New Orleans Saints must stop using early draft picks on projects
As we near the 2016 draft, the New Orleans Saints are putting together their big board, but they should be wary about “projects” compared to previous years. After finishing the 2015 season with a disappointing 7-9 record that awarded them the 12th pick in the 2016 NFL Draft, the Saints are in desperate need of new talent.
Because of shaky free agent signings and bad draft classes (apart from the 2015 draft), the New Orleans Saints now have gabbing holes all over their roster. That is most evident on the defense that finished 31st last season, where help is needed at basically every position. Overall, the Saints no longer have a roster that gives them the luxury of picking a project player in the early rounds, as we have seen them do in recent years.
The most obvious example being Stanley Jean-Baptiste, who the New Orleans Saints picked in the second round of the 2014 NFL Draft. Baptiste was a raw prospect going into the draft, but his potential and psychical stature led to the Saints investing big on him. It was an investment that later failed, as he was cut at the beginning of the 2015 season after only seeing seven snaps on defense as a rookie.
And to some degree, Andrus Peat, the 13th overall pick by the New Orleans Saints in last years draft, also represented the kind of prospect the team should be wary of picking. Peat has shown potential and could become a great player, but when the Saints are taking a player early in the first round, he most definitely should be a starter from day one. These decisions have contributed to the Saints now being far away from contending and even making the playoffs.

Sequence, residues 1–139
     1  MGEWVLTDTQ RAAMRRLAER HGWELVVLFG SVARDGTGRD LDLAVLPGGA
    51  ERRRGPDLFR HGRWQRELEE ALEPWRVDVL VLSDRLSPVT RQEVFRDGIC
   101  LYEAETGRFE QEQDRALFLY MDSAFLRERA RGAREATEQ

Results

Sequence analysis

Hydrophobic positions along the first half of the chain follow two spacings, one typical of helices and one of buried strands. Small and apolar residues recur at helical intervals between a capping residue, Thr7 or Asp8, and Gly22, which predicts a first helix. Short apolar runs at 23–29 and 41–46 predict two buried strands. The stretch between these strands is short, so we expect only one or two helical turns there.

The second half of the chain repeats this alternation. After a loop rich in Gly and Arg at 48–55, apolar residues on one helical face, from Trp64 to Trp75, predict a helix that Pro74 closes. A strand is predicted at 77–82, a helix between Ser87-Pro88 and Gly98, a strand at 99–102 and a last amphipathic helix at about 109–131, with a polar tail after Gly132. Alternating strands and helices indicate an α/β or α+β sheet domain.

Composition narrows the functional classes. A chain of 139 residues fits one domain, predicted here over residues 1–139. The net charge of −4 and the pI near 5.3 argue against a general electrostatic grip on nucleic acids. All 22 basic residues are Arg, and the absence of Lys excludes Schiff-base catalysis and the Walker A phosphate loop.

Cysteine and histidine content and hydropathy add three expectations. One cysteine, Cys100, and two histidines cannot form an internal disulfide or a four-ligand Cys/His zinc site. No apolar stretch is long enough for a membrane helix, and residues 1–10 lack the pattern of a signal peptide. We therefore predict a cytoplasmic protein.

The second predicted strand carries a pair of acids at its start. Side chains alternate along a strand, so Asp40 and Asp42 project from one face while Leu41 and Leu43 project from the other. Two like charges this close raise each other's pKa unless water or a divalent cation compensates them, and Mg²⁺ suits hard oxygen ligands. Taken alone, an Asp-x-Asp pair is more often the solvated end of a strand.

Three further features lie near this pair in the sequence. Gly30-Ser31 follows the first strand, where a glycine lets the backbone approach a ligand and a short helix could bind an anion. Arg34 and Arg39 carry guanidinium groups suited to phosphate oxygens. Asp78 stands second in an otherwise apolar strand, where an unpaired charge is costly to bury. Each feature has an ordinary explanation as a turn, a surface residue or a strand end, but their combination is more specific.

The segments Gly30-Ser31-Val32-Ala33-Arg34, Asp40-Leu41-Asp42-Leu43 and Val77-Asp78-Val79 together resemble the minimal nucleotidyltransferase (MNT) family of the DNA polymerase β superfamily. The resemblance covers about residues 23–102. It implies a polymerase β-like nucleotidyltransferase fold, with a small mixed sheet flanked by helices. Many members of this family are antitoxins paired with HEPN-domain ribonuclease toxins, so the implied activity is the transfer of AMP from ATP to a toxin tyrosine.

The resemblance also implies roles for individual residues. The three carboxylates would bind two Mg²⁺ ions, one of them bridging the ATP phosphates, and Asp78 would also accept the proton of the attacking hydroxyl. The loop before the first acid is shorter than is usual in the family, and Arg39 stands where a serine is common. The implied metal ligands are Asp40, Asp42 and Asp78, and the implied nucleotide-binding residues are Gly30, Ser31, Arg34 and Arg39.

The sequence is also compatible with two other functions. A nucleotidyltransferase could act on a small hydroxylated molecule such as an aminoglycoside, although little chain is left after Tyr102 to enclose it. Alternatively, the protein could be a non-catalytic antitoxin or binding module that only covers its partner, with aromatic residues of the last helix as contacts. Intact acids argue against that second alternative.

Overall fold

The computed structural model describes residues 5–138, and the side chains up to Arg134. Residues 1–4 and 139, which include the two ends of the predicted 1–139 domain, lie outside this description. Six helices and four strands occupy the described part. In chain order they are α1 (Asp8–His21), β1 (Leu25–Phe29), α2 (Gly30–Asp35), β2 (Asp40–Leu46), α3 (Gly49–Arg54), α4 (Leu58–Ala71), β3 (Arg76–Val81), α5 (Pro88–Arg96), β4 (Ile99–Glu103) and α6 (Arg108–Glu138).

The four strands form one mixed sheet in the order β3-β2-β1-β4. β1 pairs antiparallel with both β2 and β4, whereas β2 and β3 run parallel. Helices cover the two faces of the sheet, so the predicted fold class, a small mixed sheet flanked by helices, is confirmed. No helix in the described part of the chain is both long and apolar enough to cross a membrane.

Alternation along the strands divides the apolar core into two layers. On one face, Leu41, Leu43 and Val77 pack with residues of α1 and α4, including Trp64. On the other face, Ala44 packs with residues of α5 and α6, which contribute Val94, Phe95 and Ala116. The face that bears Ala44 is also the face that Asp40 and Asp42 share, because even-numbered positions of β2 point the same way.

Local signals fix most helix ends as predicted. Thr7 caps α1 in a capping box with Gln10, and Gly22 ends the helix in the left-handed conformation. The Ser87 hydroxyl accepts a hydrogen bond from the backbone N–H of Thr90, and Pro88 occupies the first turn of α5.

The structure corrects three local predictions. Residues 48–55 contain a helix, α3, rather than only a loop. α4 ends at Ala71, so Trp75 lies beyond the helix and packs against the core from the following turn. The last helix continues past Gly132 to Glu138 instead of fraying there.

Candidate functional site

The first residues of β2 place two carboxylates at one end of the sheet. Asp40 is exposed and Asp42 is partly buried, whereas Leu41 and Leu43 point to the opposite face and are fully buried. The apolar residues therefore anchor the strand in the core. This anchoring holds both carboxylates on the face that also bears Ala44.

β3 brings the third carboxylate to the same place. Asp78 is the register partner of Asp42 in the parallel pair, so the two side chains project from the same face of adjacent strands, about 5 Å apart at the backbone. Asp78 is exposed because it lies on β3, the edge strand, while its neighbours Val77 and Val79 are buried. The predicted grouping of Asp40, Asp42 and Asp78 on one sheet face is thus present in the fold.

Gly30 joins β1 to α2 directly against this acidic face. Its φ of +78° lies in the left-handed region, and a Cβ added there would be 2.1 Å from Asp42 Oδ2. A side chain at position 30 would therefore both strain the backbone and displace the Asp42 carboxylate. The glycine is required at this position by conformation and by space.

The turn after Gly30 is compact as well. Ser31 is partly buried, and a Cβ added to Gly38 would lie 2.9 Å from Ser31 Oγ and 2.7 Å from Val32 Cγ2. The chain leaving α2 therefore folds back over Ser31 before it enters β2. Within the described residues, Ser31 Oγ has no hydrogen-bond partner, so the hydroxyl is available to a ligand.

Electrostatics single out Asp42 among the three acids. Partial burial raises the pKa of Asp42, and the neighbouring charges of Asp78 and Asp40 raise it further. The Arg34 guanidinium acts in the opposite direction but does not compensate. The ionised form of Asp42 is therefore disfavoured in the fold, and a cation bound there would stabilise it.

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They have been know to go by the “Best player available” strategy, but that might not be the best approach with the current roster. The Saints could instead go with the safe pick this year, instead of taking risks.
So, a player like Jaylon Smith out of Notre Dame might have been one of the best players in all of college football last year. You could argue that he would be a top-3 prospect coming into this draft before he tore his ACL and LCL in the last game of the season. He could be an appealing option and would fill a big need at the weakside linebacker spot, but the New Orleans Saints simply can’t afford to take a player who might need a “red shirt” year because of injury or lack of development.
Therefore, players like Robert Nkemdiche, A’Shawn Robinson and Shawn Oakman, who all have the physical gifts to star in the NFL but have failed to produce top-tier numbers in the college ranks, should not be on the Saints’ radar when they are on the clock. New Orleans needs evidence that the players they pick in the early rounds of the draft have what it takes to improve their team right know, instead of in the future.
As long as Drew Brees is running the show in the Superdome, the New Orleans Saints are not in rebuilding mode and should shy away from “red shirt” prospects. There are plenty prospects who could help in improving the hole-filled roster they have now.